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Home / Publications / Journals / Fusion Science and Technology / Volume 41 / Number 3P2

A 1600 Liter Tritium Hydride Storage Vessel

J. E. Klein

Fusion Science and Technology / Volume 41 / Number 3P2 / May 2002 / Pages 764-775

Hydride and Storage / Proceedings of the Sixth International Conference on Tritium Science and Technology Tsukuba, Japan November 12-16, 2001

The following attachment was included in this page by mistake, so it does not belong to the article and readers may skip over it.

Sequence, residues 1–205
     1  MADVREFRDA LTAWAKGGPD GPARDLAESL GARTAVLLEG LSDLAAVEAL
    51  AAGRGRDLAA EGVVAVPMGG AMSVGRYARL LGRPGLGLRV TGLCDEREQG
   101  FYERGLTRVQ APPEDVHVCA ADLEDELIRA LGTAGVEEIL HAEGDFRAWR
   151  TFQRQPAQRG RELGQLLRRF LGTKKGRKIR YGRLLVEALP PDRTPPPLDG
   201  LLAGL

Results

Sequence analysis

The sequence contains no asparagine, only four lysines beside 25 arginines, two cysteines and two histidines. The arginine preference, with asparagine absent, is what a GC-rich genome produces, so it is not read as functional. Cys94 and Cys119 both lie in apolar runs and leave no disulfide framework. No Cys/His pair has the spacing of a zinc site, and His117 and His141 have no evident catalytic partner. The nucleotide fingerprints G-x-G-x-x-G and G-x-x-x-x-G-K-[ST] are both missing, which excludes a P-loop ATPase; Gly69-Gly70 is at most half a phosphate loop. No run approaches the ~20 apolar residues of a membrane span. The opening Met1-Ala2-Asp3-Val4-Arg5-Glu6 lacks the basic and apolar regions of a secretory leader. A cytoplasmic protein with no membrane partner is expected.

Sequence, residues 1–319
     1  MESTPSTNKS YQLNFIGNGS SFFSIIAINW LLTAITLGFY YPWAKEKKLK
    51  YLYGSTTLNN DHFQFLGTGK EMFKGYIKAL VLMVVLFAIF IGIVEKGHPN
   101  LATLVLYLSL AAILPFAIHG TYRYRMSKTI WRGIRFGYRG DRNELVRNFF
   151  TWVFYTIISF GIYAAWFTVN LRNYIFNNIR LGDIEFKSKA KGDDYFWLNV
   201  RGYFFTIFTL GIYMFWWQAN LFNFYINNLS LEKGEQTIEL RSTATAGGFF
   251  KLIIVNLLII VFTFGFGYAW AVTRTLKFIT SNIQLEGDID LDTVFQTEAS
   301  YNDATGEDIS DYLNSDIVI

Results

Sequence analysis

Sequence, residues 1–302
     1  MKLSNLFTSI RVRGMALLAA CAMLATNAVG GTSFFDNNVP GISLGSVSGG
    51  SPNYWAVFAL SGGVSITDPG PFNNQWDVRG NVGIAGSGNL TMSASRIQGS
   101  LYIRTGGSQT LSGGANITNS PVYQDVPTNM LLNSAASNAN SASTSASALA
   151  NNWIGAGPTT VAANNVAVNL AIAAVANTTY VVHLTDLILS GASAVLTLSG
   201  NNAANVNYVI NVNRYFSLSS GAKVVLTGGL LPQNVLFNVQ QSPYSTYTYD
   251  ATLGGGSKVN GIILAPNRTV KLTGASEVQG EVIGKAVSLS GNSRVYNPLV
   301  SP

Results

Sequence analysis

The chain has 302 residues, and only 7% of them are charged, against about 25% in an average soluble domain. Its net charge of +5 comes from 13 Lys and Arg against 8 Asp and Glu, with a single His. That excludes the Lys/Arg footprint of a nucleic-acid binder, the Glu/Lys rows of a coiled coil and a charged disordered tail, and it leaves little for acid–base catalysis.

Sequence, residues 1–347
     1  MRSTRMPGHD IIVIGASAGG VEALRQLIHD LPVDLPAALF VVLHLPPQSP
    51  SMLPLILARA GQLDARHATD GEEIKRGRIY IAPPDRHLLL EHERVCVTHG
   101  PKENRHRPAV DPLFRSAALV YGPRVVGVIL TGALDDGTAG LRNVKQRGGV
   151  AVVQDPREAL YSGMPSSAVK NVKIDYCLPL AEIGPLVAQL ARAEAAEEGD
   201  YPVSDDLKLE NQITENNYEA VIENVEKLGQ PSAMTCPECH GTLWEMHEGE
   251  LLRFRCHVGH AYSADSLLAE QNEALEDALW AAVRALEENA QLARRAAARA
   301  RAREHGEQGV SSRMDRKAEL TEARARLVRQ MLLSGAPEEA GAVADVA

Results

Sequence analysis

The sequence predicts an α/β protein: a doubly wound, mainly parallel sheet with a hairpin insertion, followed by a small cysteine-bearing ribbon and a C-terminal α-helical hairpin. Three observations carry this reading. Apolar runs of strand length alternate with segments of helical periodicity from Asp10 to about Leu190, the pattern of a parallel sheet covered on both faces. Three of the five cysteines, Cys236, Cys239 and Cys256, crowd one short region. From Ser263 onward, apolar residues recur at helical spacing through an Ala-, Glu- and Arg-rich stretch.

Titanium was selected for evaluation as a tritium storage material. Titanium-deuterium desorption isotherm data at 550, 600, 649, 700, and 760°C are presented and were used to evaluate storage vessel design loading limits. Two prototype Hydride Storage Vessels (HSVs) containing a nominal 4400 grams of Ergenics HY-STOR 106™ titanium sponge were tested to determine activation, loading, and desorption conditions. HSV titanium activation was performed using two methods. The first was vacuum evacuation using stepped temperature holds up to 600°C. The second, and preferable method, was a dry gas purge for several hours at up to 350°C followed by heated evacuations at temperatures up to 600°C. The vessels were allowed to sit idle after activation for five days before loading to determine the quality of the activation process. HSV gas loadings were performed through the process tube inserted into the hydride at 5, 7.5, 10, 15, 20 SLPM, and under conditions to simulate direct loading from a 1500 liter process tank. Temperature measurements made at various locations around the vessel showed the internal maximum temperature ranged from 500°C to 700°C and varied with loading rate. Maximum external temperatures ranged from 300°C at 5 SLPM to 400°C at 20 SLPM. Loading the HSV at 20 SLPM from the tube above the level of the hydride generated at maximum internal temperature of 800°C. HSV desorptions were done under a variety of vacuum conditions at temperatures up to 700°C. HSV desorption/gas removal was greatly reduced at temperatures below 700°C, the use of one instead of both process tubes, and the choice of vacuum pumps. Integration of mass flow data was considered a more reliable method of determining HSV gas inventory than the use of titanium isotherm data. Up to 84 vol% of the gas inventory can be removed from the HSV by desorption in 24 hours, but tritium removal by isotopic exchange will be needed for vessel disposal - even if longer evacuation times were used.

 
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